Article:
SOUTH PORTLAND — Frustrated residents were placated Monday when the City Council agreed that a comprehensive traffic study is the best route toward resolving traffic and parking issues in Knightville.
Discord began two years ago, when angled parking and one-way northbound traffic was created on the section of Ocean Street between E and D streets after the completion of a nearly $3 million sidewalk improvement and sewer separation project.
The change has required drivers headed south on Ocean Street to drive west on D and east on E to access the portion of Ocean Street between D and E, or to get anywhere south of Legion Square.
“We’re all going around and around and around,” D Street resident Melanie Wiker told the council at the Jan. 12 meeting.
She argued that routing traffic down D Street contradicts the city’s Comprehensive Plan, which discourages the use of residential streets as routes for commuter traffic.
Wiker is part of a committee of Knightville residents and business owners who were appointed by Assistant City Manager Jon Jennings last August, with the goal pinpointing and ultimately mitigating the issues.
The committee concluded its meetings in November.
Jennings addressed the council at the Monday meeting with the panel’s list of requests.
“Obviously the one-way is the primary issue,” Jennings said before listing secondary issues that the committee has either already addressed (installing a stop sign at the intersection of D and Ocean Streets, for example) or that are in need of being addressed.
Remaining concerns include updating GPS maps to avoid providing outdated traffic directions, particularly for large trucks, and directing Ocean Street business employees to park in a new public lot on Waterman Drive instead of on residential streets.
As a possible solution, particularly during the winter when snow banks additionally encroach on street parking, Jennings asked the council to allow a winter parking ban exemption, so residents could use the 32-space Waterman Drive lot overnight, until 7 a.m.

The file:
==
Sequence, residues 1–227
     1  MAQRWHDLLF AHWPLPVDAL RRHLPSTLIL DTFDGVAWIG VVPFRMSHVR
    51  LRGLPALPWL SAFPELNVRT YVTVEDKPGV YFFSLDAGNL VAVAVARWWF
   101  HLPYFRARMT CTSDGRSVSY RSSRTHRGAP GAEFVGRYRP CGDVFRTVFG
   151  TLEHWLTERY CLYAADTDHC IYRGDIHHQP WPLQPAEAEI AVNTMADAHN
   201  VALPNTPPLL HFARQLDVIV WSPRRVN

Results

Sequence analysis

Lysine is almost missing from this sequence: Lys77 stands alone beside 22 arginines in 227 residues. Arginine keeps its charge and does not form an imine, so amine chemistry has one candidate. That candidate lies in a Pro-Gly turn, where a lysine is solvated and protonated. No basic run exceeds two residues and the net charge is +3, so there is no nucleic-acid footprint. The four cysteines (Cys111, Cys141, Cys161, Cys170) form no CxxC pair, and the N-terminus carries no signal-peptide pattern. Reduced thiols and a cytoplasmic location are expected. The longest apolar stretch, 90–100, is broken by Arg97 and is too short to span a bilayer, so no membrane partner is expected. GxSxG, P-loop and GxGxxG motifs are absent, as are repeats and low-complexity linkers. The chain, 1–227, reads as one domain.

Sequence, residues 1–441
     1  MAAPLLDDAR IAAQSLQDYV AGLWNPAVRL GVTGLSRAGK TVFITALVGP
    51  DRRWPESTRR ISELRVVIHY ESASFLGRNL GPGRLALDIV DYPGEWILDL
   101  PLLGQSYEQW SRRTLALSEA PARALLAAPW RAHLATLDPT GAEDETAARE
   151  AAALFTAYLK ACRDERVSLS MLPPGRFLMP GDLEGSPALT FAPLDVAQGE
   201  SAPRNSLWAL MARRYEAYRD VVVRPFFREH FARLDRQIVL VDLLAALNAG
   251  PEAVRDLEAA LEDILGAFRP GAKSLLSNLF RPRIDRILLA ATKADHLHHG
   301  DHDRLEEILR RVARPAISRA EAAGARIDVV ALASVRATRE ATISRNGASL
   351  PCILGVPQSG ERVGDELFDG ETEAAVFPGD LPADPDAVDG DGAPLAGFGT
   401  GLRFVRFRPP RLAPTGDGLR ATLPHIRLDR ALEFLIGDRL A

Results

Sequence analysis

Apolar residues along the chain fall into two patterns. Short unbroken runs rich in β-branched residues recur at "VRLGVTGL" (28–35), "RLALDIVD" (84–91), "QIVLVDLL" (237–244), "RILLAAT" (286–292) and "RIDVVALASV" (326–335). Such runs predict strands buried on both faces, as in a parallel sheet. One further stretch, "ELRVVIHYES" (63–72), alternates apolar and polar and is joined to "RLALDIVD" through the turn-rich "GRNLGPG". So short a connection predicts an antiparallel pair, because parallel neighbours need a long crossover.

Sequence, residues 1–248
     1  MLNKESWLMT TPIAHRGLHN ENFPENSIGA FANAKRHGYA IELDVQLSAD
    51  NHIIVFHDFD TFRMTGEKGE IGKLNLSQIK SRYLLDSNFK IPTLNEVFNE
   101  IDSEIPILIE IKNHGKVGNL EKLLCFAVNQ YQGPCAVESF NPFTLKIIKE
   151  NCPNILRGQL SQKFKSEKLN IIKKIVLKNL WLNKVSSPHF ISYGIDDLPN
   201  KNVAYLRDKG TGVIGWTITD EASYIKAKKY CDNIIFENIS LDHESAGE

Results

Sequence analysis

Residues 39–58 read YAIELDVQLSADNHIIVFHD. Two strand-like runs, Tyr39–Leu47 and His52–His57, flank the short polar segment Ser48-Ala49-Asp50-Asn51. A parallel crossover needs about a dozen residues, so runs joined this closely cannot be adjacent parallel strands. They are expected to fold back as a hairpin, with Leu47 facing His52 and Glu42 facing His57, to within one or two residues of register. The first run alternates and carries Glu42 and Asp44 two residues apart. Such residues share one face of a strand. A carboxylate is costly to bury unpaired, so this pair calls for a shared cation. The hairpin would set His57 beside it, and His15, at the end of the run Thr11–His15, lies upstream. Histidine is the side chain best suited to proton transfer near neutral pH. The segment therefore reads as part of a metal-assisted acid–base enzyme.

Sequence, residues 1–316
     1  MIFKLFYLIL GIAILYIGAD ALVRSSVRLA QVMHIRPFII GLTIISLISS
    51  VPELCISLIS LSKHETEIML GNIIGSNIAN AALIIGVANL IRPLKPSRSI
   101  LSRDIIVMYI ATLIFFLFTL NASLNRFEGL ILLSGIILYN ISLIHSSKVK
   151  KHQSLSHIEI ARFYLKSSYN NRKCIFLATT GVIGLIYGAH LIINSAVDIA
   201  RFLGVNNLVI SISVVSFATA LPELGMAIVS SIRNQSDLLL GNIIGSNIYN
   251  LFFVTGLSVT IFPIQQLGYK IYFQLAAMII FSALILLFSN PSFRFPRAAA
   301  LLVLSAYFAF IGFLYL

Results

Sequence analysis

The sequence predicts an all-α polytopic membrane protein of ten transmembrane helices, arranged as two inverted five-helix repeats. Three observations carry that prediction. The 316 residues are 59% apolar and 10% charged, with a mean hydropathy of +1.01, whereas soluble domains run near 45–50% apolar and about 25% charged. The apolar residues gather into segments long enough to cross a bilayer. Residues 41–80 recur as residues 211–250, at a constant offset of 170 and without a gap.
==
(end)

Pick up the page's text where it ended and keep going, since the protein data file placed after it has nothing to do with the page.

Blanketing that list, Jennings spoke for the committee and requested a comprehensive traffic study in the neighborhood.
“Part of our goal and responsibility is to try and envision the future … a traffic study (would) examine five to 10 years down the road,” he told the council.
Every councilor endorsed the proposal to some degree, and they agreed that it would probably be best to hire an outside firm to conduct the study.
“Studies are wonderful,” Councilor Maxine Beecher said, “(but) … a study may come up with a solution that some of you are not looking for.”
Councilor Patti Smith advised that the city be particular about the type of study it requests.
“One thing I’ve learned is what you count is what you get … an auto-focused study (will produce) an auto-focused solution,” which could be limiting for the community 10 years down the road, Smith said.
She requested that the study be “global in nature,” and executed “with the future in mind.”
An estimate of what the study might cost is not yet available. A study of this nature would qualify for about $10,000 of funding through the city’s Community Development Block Grant program, City Manager Jim Gailey said.
Regardless, Councilor Claude Morgan said, “Whether we pay it out of pocket or we have help here with the funding, it is clearly to everybody’s benefit to put the data together.”
Mayor Linda Cohen added that “the best communities work best when the public is involved. … We have a responsibility to all of you to make sure that we provide you with what you need to keep it going in a positive way.”
After the meeting, Wiker said that for the first time, she felt “hopeful.”
Looking west on D Street in South Portland on Wednesday, Jan. 14. Snowbanks and cars parked on both sides leave the street especially narrow.
An aerial view of part of South Portland’s Knightville neighborhood, with the red arrow indicating one-way northbound traffic on Ocean Street between E and D streets, and the blue arrows showing two-way traffic on D Street, E Street, and southbound Ocean Street between C and D streets. Some residents and business owners want the city to conduct a comprehensive traffic study of the area.
The South Portland City Council again heard complaints from residents on Monday, Jan. 12, about traffic and parking. Most have to do with the pattern created by the one-way block of Ocean Street between E and D streets.